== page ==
– Developing a methodology to evaluate climate-services for farmers
CCAFS/CGIAR, 15 August 2013
A workshop held in May aimed to create a monitoring and evaluation methodology related to climate-information services for small-scale farmers. This blog showcases some of the meeting highlights and presents the finalized Workshop report.
– Caribbean region needs a tsunami warning centre
Scidev.net, 29 August 2013
Caribbean countries urgently need a regional tsunami warning centre to protect their densely populated coastlines, according to an article in Science today.
– ICARDA Annual Report Stresses Innovations on Climate Resilience
ICARDA, 29 August 2013
The 2012 Annual Report of the International Center for Agricultural Research in the Dry Areas (ICARDA) notes that despite significant challenges due to the on-going conflict in Syria, the Center has made significant achievements in translating research into action and policy impact, highlighting its leadership in the high-level international conference on Food Security in the Dry Lands, as well as enhanced partnerships with Canada and South Asia.
– CCCCC Launches Online Climate Risk Management Tool for the Caribbean
Caribbean Community Climate Change Centre (CCCCC), 19 July 2013
The Caribbean Community Climate Change Centre (CCCCC) launched an online tool for assisting Caribbean decision makers in assessing climate risks as part of their efforts to build climate resilience into their development policies, plans, programmes and projects.
– WMO, IFRC to Collaborate on Reducing Risks of Climate-related Hazards
The World Meteorological Organization (WMO), 3rd July 2013
Responding to concerns over the increasing frequency, severity and cost of disasters related to extreme weather and climate events, the World Meteorological Organization (WMO) and the International Federation of Red Cross and Red Crescent Societies (IFRC) signed a memorandum of understanding (MOU) to strengthen their collaboration on reducing the risks of climate-related hazards.
– IISD, IDS Present a User-Oriented Analysis of Climate Knowledge Brokering Platforms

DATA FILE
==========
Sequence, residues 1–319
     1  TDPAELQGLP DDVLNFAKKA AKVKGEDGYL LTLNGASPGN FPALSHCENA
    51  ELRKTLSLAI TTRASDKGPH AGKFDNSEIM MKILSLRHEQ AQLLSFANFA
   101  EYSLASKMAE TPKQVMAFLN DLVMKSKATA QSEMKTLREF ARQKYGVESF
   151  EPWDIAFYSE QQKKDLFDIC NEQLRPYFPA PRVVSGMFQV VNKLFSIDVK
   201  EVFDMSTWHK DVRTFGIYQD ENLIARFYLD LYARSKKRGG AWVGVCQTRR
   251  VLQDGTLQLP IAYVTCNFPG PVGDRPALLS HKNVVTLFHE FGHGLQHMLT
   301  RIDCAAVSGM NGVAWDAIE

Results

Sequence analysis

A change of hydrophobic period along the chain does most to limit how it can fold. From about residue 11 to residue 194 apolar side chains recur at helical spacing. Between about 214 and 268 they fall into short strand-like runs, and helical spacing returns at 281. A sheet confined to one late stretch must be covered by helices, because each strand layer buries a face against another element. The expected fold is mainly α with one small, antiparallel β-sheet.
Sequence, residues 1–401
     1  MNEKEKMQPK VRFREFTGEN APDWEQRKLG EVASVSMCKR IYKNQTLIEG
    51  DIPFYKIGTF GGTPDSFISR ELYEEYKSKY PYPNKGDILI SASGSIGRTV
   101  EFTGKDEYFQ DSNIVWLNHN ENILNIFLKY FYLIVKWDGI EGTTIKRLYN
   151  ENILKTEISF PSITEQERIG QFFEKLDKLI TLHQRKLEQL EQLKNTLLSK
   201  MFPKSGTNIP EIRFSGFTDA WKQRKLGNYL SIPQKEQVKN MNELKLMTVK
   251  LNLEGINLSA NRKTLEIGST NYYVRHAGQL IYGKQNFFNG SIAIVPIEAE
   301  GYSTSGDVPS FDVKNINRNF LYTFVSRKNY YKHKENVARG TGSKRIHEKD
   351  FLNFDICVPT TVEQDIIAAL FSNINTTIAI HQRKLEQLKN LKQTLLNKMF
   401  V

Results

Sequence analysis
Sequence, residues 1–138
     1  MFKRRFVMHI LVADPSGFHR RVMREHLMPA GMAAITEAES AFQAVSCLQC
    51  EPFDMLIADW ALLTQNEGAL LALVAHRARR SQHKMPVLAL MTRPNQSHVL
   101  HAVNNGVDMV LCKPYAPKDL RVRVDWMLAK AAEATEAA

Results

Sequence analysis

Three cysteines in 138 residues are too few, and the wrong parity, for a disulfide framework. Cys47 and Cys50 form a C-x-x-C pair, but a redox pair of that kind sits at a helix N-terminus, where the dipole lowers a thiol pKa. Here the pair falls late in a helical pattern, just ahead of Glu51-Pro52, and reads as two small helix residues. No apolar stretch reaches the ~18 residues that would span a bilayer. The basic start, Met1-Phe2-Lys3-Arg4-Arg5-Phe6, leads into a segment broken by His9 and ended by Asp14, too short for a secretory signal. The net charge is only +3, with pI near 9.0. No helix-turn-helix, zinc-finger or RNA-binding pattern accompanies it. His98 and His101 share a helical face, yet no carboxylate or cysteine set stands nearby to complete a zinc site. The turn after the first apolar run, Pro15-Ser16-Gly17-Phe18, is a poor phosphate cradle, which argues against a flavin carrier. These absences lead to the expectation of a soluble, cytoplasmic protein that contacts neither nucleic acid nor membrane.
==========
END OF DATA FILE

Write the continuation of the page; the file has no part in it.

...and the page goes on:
The International Institute for Sustainable Development (IISD), July 2013
The International Institute for Sustainable Development (IISD), the Climate & Development Knowledge Network (CDKN), and the Institute of Development Studies (IDS) have released a paper that examines the current state of alignment between climate knowledge brokering (CKB) platforms and the information-seeking and knowledge-sharing behavior of users of online climate change information.
The paper, titled ‘Understanding needs, meeting demands: A user-oriented analysis of online knowledge brokering platforms for climate change and development,’ authored by Anne Hammill, Blane Harvey and Daniella Echeverria, reviews the case for knowledge brokering and how brokering activities are put into practice online for climate change and development.
– GEF Approves US$33 Million Grants for Climate Change Adaptation in Africa
African Development Bank Group, 2nd July 2013
The Global Environment Facility (GEF) Council recently approved several grants for promoting adaptation to climate change in Cameroon, Djibouti, Kenya, Angola and Madagascar. These grants will be channelled through the African Development Bank (AfDB).
The grants to be implemented by the AfDB will come from different funds. The Least Developed Countries Fund (LDCF) and the Special Climate Change Fund (SCCF) will provide funding for the Rural Livelihoods’ Adaptation to Climate Change Program in Djibouti and Kenya, with the objective of contributing to developing strategies for pastoralists’ resilience to climate change.
– What Climate Change Means for Africa, Asia and the Coastal Poor
The World Bank, June 19, 2013
The World Bank has released a report, titled ‘Turn Down the Heat: Climate Extremes, Regional Impacts, and the Case for Resilience,’ which looks at the likely impacts of present day, 2°C and 4°C warming on agricultural production, water resources, coastal ecosystems and cities across Sub-Saharan Africa, South Asia and South East Asia.